– RonJohn
    Commented Nov 8, 2018 at 3:33
  • ""Awesome Guy" only has the one ending: sunsets and boats and adored by all." Only bland stories have that as an ending. In good stories, successfully completing The Quest leads to either More Duty, or Passing The Torch to the sidekick.
    – RonJohn
    Commented Nov 8, 2018 at 3:39
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    LOL "callow farm boy to Savior Of The Universe", yeah that's an earned journey filled with character development, right up there with "girl who falls in love"…. And at the end (in the better scenarios) more of the same? Sounds kinda predictable.... writing.stackexchange.com/questions/39965/…
    – wetcircuit
    Commented Nov 8, 2018 at 4:03

Sometimes a predictable plot is not a bad thing. If you choose to go ahead with it, you can still shake things up.

Take something like the modern movie Titanic. We already know the boat is going to sink. And that most of the people will not survive. We know why the boat sunk. We even know a fair number of details because these stories are in our cultural lore (in the US anyway).

It's a true story but the main characters are completely fictional. The instant they meet we know it's going to be a love story, specifically a story of people from different worlds falling in love against all odds. And we'd know that even if the trailers and ads for the movie didn't drum it into our heads.

What we don't know is how they'll react when the ship is sinking. We don't know if they help save people or if they doom them. We can guess they find each other in the madness, but we don't know how. We don't know if they escape the boat or not.

Most importantly, we have no idea if they live or die. We become invested in those characters and root for them and are on the edges of our seats (if the movie did its job) wanting to know the outcome.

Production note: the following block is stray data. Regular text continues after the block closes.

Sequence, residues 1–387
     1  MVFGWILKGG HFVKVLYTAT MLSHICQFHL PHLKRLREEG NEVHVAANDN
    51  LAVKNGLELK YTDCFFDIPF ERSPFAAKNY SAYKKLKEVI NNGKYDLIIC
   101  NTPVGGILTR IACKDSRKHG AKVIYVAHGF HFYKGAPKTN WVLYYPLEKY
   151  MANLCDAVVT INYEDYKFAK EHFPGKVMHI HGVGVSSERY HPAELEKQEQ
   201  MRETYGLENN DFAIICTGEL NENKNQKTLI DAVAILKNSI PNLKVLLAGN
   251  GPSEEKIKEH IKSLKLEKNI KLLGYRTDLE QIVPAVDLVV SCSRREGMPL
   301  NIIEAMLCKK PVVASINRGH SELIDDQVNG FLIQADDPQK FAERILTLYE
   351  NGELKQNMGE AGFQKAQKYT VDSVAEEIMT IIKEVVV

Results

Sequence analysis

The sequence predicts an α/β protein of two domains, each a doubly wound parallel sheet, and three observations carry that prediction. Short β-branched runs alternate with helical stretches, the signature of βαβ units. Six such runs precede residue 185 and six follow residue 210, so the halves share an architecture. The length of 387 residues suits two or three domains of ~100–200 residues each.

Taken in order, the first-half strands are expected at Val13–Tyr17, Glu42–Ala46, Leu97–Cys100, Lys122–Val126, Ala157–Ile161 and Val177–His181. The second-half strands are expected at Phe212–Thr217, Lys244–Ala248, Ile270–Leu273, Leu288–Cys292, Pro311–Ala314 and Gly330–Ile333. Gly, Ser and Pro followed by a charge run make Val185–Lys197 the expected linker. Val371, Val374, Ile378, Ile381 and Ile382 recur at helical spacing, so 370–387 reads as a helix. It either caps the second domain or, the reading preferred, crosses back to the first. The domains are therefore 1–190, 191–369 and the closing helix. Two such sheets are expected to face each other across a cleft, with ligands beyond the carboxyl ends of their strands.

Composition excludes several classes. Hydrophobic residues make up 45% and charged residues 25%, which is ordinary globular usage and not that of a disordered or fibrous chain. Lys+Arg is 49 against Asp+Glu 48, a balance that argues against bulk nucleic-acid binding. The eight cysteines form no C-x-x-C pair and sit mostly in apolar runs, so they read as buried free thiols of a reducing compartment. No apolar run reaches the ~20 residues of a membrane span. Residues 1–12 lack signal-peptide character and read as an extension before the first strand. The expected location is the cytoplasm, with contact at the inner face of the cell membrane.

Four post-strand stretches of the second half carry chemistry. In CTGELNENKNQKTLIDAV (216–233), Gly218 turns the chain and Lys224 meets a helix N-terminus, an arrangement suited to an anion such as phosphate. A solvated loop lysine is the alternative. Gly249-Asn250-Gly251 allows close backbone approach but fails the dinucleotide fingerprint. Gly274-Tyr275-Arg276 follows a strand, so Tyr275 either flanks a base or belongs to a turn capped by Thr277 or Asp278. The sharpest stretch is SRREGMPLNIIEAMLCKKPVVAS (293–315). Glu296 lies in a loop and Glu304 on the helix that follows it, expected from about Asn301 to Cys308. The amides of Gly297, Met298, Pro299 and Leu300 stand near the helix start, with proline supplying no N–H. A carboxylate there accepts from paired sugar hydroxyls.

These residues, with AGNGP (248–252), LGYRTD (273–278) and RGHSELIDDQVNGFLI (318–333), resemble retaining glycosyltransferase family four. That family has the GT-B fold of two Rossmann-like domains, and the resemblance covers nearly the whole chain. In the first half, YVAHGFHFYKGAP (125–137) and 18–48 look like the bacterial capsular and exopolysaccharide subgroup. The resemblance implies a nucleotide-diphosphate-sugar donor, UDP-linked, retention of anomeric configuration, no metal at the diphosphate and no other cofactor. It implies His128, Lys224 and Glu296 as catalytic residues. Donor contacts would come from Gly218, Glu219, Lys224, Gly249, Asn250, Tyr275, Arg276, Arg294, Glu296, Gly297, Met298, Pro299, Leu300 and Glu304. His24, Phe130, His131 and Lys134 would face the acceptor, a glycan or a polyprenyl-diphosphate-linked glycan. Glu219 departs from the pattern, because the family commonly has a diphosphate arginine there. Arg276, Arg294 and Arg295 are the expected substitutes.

Because the outcome isn't "the boat sank." It's "did Rose and Jack live?"

So, sure, turn your story on its head. There are dozens of ways to do that. But even if you don't, you can still make it a story people want to read.

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    ... and we can have endless discussion whether that floating piece could have carried both Commented Nov 11, 2018 at 11:02

A story is hooking up its reader on a conflict. The story has an obligation to resolve this conflict. And in many cases it is very clear from the very beginning what this resolution will be - the story just tries to take a "scenic route", full of twists and turns, towards this resolution. But this is not something that you want, right? You want the resolution itself to be unpredictable (like in the Lost show).

One way of addressing it to create a Mystery. In this case, the primary conflict should not be between the protagonist and the monster. The conflict is between protagonist and his environment, and defeating the monster is only one of the ways of solving it.

The second way is twisting the plot (and @Amadeus already had written a good answer addressing that). The monster is not as bad as it seems, and initial conflict gets transformed into a different one.

And the third way is a "twistless" plot transformation. Protagonist gradually comes to a realization that there are more important things than killing a monster. His escape from the island may come as a bonus.


You mention mystery stories and use a non-mystery-story as an example. That cannot work.

So let's explore how a mystery story creates unpredictability. The recipe is very simple: incomplete information. We know someone died, or some conspiracy did something, but we don't know how, when and who did it. Piece by piece, we find these things out, but always there is one more part of the puzzle missing. There is misinformation leading us down wrong paths, there are surprise turns, there are discoveries... all of this works because we start out with incomplete information.

Your hero story doesn't have that and that is why it cannot possibly be made into a mystery story. We know the hero will be the hero - we know this in a mystery story as well, but the question in the mystery story is not "who is the hero?", but rather: "who is the villain?" (e.g. the murderer, or the conspiracy behind everything, or the dark wizard who cursed the village or whatever).